By Andria Kades
THE lowest-ever percentage of active bird trapping sites during spring season was recorded this April, according to a report released by the Committee Against Bird Slaughter (CABS) and the Foundation Pro Diversity (SPA) during their latest Bird Protection Camp (BPC) in Cyprus.
The camp started on April 5 and ended on May 10.
During the period, 249 trapping sites were checked, of which 51 (20.3 per cent) were found active with set traps for illegal bird trapping.
“The percentage of active trapping sites is the lowest ever detected during spring season,” the report said.
“This is in line with the decreasing trend observed in the last spring seasons, since the start of the BPCs, and markedly since the cooperation between CABS / SPA and the Cyprus police strengthened,” it added.
Some 17 poachers were caught and prosecuted for illegal trapping while a total of 1,200 limesticks and 25 mist nets were seized – also the lowest ever recorded.
“Despite the low amount of seized traps, the number of prosecutions made by the competent anti-poaching agencies is record high” the report said.
It said that cooperation with both the Cyprus Police and the British ESBA Police was adequate and the overall scenario was positive.
“Even if spring trapping is less professional and more amateur-like, and therefore easier to tackle, the methodology implemented on the field by environmental organisations and the competent law enforcement agencies clearly works,” said the report.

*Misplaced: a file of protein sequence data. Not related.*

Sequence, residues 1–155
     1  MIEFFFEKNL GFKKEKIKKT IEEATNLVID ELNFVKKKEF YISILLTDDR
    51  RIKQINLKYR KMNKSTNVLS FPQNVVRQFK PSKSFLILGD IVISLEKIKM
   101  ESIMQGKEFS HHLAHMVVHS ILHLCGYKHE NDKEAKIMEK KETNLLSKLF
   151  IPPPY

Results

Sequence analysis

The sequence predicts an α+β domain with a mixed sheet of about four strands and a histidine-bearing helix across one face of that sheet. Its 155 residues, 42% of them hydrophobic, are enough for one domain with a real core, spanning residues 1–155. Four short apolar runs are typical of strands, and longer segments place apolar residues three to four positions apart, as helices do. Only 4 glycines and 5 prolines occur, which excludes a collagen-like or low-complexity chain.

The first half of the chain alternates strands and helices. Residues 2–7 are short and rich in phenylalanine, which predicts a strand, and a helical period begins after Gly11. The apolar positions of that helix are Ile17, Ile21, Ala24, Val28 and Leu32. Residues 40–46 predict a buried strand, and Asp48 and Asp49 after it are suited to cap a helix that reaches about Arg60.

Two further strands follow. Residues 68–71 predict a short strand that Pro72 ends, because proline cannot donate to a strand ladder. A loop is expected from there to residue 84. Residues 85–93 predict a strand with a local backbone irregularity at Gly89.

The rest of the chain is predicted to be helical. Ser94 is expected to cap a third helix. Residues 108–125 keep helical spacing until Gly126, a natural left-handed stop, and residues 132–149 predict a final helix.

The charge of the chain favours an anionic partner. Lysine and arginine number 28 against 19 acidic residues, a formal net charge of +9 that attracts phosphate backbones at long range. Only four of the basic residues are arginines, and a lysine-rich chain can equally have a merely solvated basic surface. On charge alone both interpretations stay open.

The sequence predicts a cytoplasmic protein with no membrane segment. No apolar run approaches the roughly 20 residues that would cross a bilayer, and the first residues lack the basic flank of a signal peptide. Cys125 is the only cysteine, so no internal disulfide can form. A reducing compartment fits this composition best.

“Trappers feel the pressure of the competent law enforcement agencies in the field and minimise or abort their illegal activity. By only doubling the patrols in the field during the main trapping seasons in autumn (Blackcaps) and winter (Song thrushes), the same methodology would bring exceptional results in clamping down bird trapping in Cyprus,” it added.
Despite the good news the two organisations slammed the government for trying to reverse improving trends with its ‘strategic plan’ announced in May to combat bird trapping that involves allowing ‘selective hunting’
The plan includes legalisation of selective hunting of blackcaps – ambelopoulia – with air guns, flobert rifles and slingshots.
CABS and SPA said they had spent two years formulating their own “Strategic Plan for Tackling Illegal Trapping of Wild Birds in Cyprus” that was essentially sidelined when the interior ministry submitted its own plan to the council of ministers.
“This decision by the Cypriot government is undoubtedly a major step backwards, which demonstrates that the competent authorities – particularly the ministry of interior and the game and fauna service – are still refusing to adopt and implement a ‘zero tolerance’ policy against illegal trapping, killing and trade of protected wild birds in Cyprus,” the organisations said.
CABS and SPA are now urging authorities in Cyprus to increase fines, have two independent patrols meaning 14 – 16 experienced officers at minimum, create public awareness campaigns, environment education projects to change attitudes over the consumption of blackcaps and publish their results.
They also called on the British sovereign base areas authorities to have at least four independent patrols responsible for disrupting illegal bird trapping and prosecuting songbird poachers particularly during autumn and winter seasons, organise joint patrols and anti-trapping operations in grey zones and conduct clearance operations in Cape Pyla and Ayios Nikolaos every two weeks between late August and late October.